11 Tips for Beating Escape Rooms

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If you’re like most people, spending an hour trying to get out of a locked room might not sound like your cup of tea.

Of course, twist this event into an immersive, puzzle-based race against the clock with some of your best friends, and things get a little more exciting. Given their fast-paced thrill, the success of escape rooms is a bit of a no-brainer. Though many of the nation’s 2,300 escape rooms open in 2019 had to shut their doors during the pandemic, virtual counterparts quickly sprang up to take their place.

Today, the escape room market is booming in the wake of COVID-19—and for good reason. Not only are these immersive experiences fun and thought-provoking, but they’re ideal for everything from family-friendly events to team-building exercises.

Of course, “fun” doesn’t always mean “easy,” and most beginners find their first runs to be a bit of a challenge. Making the most of every second you have is crucial, and it helps to have a loose plan of attack. No matter what kind of escape room you’re be walking into, here are some tried-and-tested strategies to keep in mind.

1. Choose the Right Team

The single best way to boost your chances at solving an escape room is to choose the right group. After all, no one wants to revisit those frustrating school group projects where one person was pulling the whole team!

How Many People to Bring

Find out how many people your chosen escape room company recommends. Most often, you’ll need anywhere from two to six people, though some rooms call for even more.

Note that you might want to cut a recommendation for a large number of people down. Four is often the sweet spot, and having a smaller group of people can make the experience run smoothly.

Choose Based on Enthusiasm and Strengths

First and foremost, find people who are excited about heading to an escape room! When your group is united by enthusiasm and determination, it makes you much more likely to work together well.

Don’t forget to also get to know your team’s strengths. Some people may be better at puzzles or mental math, while others are great with spatial reasoning or wordplay. Identifying these skills in advance can give you a leg up when the clock is running.

2. Prepare Your Team

There isn’t much you’ll need to do in advance of your upcoming challenge, but it can help to go over a few basic escape room strategies like the ones on this list to make sure everyone’s on the same page. In addition, don’t forget a few physical and mental preparations:

Dress for Fun

Escape rooms are fun additions to any event planning opportunity, from office team-building to bachelorette parties. However, if this challenge is a small part of a larger event, make sure you’re dressing the part!

You don’t need to have any special clothes, but you should wear something you can move around in with ease. You might find yourself crouching through secret doorways, kneeling or sitting on the floor, and jumping for joy when you reach the end!

Designate Roles

Once you have your team ready to go, make sure to designate roles in advance. You’ll want a few main categories:

  • Leader: This person delegates tasks, and other team members report their findings to them
  • Seeker: This person focuses on searching every inch of the room to bring hidden items to the team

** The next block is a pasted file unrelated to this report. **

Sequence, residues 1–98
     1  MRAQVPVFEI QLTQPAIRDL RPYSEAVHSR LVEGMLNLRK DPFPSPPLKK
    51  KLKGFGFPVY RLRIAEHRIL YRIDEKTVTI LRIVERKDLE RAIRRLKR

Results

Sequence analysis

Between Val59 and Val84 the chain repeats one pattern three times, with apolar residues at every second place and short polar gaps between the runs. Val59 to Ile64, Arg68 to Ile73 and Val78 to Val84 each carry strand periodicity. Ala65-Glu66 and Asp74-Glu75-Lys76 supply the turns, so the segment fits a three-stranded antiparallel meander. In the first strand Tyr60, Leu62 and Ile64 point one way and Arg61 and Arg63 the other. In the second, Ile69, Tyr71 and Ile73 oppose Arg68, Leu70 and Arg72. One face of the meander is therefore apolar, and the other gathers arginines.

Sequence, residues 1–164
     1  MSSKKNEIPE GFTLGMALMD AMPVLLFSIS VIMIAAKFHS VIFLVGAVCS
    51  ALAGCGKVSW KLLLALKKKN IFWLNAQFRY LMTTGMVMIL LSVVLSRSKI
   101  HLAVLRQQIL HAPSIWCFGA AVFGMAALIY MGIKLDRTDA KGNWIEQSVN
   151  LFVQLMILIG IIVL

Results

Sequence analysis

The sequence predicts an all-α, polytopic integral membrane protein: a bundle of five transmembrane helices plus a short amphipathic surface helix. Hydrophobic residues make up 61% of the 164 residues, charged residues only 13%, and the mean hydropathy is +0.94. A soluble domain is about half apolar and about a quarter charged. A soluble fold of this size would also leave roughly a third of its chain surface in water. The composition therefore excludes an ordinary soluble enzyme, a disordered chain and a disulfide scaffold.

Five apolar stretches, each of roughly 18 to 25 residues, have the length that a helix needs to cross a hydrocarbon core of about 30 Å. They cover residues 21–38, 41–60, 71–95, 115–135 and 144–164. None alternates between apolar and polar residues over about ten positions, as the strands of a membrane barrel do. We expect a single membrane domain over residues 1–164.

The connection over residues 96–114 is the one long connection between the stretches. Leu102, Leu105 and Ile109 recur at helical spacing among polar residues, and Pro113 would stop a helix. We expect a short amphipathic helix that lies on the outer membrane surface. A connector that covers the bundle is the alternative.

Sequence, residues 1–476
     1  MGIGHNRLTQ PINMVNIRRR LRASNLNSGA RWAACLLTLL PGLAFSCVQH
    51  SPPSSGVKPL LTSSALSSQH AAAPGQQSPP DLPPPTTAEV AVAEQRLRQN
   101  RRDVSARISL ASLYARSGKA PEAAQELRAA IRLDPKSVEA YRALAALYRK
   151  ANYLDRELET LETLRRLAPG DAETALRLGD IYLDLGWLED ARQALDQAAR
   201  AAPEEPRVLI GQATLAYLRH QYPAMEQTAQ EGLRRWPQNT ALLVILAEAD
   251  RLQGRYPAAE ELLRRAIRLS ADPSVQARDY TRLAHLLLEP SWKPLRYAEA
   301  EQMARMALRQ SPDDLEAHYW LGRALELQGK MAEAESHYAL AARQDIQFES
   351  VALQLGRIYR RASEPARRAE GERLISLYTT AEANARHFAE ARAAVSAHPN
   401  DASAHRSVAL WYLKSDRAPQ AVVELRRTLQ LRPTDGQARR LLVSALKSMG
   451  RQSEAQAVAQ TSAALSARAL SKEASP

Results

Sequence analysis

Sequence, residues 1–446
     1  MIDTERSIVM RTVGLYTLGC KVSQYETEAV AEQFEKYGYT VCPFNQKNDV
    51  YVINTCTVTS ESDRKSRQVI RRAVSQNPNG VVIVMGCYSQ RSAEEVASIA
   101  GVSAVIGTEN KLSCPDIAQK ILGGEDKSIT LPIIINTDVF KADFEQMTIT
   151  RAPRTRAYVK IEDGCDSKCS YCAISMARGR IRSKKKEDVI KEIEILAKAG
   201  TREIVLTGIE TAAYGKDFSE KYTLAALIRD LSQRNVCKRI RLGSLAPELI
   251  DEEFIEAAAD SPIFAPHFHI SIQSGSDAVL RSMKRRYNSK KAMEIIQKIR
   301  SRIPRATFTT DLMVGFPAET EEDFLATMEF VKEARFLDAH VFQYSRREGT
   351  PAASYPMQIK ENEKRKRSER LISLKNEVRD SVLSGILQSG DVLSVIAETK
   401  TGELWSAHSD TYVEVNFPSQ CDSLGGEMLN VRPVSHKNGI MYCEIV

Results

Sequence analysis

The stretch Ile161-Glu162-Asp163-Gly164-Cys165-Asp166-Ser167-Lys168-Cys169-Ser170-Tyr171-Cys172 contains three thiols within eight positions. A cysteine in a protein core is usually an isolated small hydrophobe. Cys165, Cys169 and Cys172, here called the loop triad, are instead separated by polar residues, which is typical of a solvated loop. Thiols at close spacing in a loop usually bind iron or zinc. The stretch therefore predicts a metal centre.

• Organizer: This person organizes items into categories and looks for patterns
  • Timekeeper: This person keeps track of time and makes sure the team stays on track

Everyone should have at least one role, though roles can overlap in small teams. Don’t forget, there’s no room for spectators in an escape room!

3. Pick the Right Escape Room

Now that you’ve gathered a winning team, it’s time to match your group to the right escape room options.

As a general rule of thumb, try to find a room that resonates with every member of your group. You don’t need to have in-depth knowledge of the subject matter, but being engaged from the start is a great way to spark curiosity and keep on task.

The flip side of that, of course, is that you’ll want to avoid rooms that aren’t suitable for everyone in your group. Post-apocalyptic or murder mystery escape room themes, for example, might not be best for younger or more fearful team members!

In addition, don’t forget to do some research into the difficulty levels. Younger or less experienced teams should stick to beginner puzzles, while veteran escape room enthusiasts might want to branch out. Don’t get tempted into trying an escape room that’s too far beyond your expertise!

When in doubt, be sure to check with your escape room of choice for details on suitability. Most major companies like The Great Escape Room Minneapolis offer several rooms for all ages and experience levels.

4. Listen to the Setup

Before you enter the escape room for the first time, your game master will explain the basics of your upcoming experience. This initial setup will give you crucial details on the mission you’re setting out to accomplish. Whether you’ll be pulling off a bank heist, escaping from an Egyptian tomb, or surviving a séance gone wrong, it’s important to get into the right mindset for the story.

In addition, this setup may offer essential clues about what’s to come—at least for the clever listener. As you might expect, it’s a pretty good idea to pay attention!

Most importantly, the setup can help save you valuable time during your quest. Your game master may indicate things you won’t need to do while searching, such as climbing to look overhead or moving heavy furniture.